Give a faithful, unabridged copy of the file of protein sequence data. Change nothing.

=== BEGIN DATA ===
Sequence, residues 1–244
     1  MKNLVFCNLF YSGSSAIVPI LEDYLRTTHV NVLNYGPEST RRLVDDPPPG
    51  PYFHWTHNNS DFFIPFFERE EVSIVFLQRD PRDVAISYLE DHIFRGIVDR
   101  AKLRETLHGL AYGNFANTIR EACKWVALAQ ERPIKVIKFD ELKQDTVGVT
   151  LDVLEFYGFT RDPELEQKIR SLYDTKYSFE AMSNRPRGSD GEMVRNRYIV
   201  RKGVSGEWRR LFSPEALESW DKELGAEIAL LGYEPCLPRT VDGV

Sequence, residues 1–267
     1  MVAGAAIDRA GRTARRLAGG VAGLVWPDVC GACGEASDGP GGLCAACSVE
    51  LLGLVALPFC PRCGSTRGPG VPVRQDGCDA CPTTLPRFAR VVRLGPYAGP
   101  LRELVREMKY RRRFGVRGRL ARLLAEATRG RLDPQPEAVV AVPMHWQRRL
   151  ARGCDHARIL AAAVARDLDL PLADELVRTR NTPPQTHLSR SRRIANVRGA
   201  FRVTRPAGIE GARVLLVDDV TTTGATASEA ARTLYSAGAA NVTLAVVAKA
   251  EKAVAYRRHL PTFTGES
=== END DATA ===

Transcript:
Sequence, residues 1–244
     1  MKNLVFCNLF YSGSSAIVPI LEDYLRTTHV NVLNYGPEST RRLVDDPPPG
    51  PYFHWTHNNS DFFIPFFERE EVSIVFLQRD PRDVAISYLE DHIFRGIVDR
   101  AKLRETLHGL AYGNFANTIR EACKWVALAQ ERPIKVIKFD ELKQDTVGVT
   151  LDVLEFYGFT RDPELEQKIR SLYDTKYSFE AMSNRPRGSD GEMVRNRYIV
   201  RKGVSGEWRR LFSPEALESW DKELGAEIAL LGYEPCLPRT VDGV

Sequence, residues 1–267
     1  MVAGAAIDRA GRTARRLAGG VAGLVWPDVC GACGEASDGP GGLCAACSVE
    51  LLGLVALPFC PRCGSTRGPG VPVRQDGCDA CPTTLPRFAR VVRLGPYAGP
   101  LRELVREMKY RRRFGVRGRL ARLLAEATRG RLDPQPEAVV AVPMHWQRRL
   151  ARGCDHARIL AAAVARDLDL PLADELVRTR NTPPQTHLSR SRRIANVRGA
   201  FRVTRPAGIE GARVLLVDDV TTTGATASEA ARTLYSAGAA NVTLAVVAKA
   251  EKAVAYRRHL PTFTGES